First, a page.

Belinda’s Blog: Change of Government looming

Published on: 25th June 2024

The employment law landscape has been undergoing significant changes, many of which were in progress before the election was called on 22nd May. As you’re aware, under the Conservative government, numerous employment legislations were either implemented or in the pipeline, addressing issues from right-to-work rules to shared parental leave.

However, the calling of the election has brought uncertainty to several pending pieces of legislation. Here’s a summary of the situation:

The Wash Up Process: “The wash up” refers to the period when the government and opposition parties agree on essential legislative business to prioritise before Parliament dissolves for the election. This does not guarantee the passage of all proposed laws but increases their chances if there is broad political consensus.

Included in the wash were:
The Employment (Allocation of Tips) Act 2023: This act is expected to come into force on 1 October 2024, pending the approval of a code of practice.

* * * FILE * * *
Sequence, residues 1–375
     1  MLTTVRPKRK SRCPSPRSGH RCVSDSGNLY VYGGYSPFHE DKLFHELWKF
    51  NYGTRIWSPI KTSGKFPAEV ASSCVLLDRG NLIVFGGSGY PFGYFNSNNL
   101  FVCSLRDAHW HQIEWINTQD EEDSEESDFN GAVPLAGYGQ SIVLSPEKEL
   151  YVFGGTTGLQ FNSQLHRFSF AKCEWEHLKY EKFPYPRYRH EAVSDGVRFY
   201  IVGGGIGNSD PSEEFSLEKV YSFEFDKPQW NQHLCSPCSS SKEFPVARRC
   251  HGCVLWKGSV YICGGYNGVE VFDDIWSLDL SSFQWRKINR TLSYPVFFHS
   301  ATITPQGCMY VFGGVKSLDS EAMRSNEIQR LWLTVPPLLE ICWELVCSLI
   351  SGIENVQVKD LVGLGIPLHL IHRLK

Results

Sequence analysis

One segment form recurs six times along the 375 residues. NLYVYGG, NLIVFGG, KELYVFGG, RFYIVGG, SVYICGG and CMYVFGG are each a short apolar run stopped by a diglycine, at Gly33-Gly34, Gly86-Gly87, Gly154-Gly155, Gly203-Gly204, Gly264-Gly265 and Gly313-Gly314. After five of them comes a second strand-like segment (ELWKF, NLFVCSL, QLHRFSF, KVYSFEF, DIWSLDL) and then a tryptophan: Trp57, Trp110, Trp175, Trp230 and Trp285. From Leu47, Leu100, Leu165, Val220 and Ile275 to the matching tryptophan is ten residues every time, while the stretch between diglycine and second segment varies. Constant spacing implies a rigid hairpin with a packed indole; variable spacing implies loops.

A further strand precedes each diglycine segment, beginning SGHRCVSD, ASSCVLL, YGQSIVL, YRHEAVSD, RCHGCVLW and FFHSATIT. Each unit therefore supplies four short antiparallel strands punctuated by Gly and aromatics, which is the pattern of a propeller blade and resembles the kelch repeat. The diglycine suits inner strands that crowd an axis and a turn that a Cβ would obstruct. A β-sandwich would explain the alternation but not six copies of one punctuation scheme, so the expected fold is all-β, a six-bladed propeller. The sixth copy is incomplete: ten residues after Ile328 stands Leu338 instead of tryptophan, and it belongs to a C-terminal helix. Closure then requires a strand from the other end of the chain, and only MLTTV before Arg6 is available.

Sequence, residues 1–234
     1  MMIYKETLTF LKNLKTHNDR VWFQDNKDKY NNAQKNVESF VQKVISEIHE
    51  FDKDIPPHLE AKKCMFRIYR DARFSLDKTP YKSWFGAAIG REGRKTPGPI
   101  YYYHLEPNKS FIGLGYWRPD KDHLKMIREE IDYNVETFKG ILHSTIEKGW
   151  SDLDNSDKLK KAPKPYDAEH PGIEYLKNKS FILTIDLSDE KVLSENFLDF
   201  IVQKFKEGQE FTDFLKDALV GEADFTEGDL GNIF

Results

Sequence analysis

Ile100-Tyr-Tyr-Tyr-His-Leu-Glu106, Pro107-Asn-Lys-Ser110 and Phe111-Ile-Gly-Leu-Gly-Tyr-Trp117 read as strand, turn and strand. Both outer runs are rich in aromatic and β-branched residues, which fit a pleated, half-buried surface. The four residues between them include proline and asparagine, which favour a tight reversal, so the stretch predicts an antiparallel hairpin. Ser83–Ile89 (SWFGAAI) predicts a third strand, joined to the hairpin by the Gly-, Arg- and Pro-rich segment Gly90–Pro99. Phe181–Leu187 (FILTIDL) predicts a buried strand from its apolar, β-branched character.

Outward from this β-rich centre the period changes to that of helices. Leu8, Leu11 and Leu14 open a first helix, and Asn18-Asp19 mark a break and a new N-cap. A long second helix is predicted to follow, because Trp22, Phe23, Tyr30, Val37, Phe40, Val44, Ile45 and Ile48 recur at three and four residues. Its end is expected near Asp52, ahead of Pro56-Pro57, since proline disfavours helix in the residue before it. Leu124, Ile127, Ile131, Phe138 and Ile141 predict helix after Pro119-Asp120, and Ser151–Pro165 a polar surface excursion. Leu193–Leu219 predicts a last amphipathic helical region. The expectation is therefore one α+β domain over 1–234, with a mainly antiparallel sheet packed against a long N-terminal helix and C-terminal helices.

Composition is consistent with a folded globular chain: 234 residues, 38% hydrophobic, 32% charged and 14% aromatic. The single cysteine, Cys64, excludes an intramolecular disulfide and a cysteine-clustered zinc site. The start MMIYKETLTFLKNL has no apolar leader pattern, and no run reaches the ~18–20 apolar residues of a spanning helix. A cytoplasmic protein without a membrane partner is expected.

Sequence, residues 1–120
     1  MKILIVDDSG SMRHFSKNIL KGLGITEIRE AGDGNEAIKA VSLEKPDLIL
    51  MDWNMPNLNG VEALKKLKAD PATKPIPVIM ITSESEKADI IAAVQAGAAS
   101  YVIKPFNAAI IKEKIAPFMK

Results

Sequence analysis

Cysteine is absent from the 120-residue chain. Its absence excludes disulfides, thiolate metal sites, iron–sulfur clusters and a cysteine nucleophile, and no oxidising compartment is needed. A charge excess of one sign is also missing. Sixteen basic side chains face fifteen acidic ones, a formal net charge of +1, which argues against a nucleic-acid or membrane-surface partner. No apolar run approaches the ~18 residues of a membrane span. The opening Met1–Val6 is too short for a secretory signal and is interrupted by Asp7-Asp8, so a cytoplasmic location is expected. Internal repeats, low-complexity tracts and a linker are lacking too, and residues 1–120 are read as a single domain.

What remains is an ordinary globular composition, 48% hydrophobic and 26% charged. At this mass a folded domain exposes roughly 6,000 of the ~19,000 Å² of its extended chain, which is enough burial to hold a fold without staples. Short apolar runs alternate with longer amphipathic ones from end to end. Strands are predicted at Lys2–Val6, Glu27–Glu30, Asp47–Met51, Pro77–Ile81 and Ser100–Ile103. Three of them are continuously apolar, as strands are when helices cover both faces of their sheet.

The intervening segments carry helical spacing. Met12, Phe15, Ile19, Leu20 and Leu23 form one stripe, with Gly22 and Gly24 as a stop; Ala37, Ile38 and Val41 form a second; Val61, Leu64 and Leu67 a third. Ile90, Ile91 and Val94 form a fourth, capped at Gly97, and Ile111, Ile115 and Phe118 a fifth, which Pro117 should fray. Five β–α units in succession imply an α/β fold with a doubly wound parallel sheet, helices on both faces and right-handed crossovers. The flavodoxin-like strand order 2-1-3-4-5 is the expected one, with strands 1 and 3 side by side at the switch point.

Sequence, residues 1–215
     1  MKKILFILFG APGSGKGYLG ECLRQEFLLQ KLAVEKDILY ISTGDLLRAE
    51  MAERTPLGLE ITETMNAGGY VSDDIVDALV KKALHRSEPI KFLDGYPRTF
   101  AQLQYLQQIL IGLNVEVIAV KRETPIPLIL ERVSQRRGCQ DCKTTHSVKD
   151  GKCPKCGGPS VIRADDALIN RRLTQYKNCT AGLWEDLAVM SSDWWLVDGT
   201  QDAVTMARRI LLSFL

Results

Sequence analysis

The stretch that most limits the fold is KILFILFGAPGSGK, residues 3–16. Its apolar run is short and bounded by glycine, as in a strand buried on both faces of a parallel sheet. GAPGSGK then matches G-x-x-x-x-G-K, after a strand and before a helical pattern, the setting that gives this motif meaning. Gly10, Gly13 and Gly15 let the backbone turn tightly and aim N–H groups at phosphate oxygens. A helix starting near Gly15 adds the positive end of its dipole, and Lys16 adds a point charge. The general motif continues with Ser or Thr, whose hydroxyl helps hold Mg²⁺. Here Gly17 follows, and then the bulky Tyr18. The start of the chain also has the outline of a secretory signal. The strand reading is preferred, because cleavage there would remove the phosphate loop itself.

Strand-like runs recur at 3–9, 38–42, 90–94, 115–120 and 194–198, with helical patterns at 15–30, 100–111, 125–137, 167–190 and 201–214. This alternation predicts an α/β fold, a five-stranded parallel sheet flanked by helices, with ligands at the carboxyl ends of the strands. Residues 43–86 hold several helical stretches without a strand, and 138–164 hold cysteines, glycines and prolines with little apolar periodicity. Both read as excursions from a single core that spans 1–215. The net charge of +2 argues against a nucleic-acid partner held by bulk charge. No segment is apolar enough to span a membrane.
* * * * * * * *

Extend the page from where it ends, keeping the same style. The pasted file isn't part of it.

The Paternity Leave (Bereavement) Act: This legislation aims to provide enhanced paternity leave rights for fathers of newborns whose partner dies. The specifics, including the start date, remain undetermined.
The Statutory Code on Fire and Rehire: Designed to offer guidance on managing or avoiding conflicts related to fire and rehire practices, this code seeks to provide pragmatic solutions for employers and employees.
Non-Disclosure Agreements: Part of the Prisoners and Victims Bill, this provision aims to ban NDAs where the disclosure pertains to criminal activity.

Several other employment law changes were being developed but did not make it into the wash up, rendering their future uncertain and subject to the priorities of the incoming government. These include:

Neonatal Leave and Pay: Proposals for additional leave and pay for parents of babies requiring neonatal care.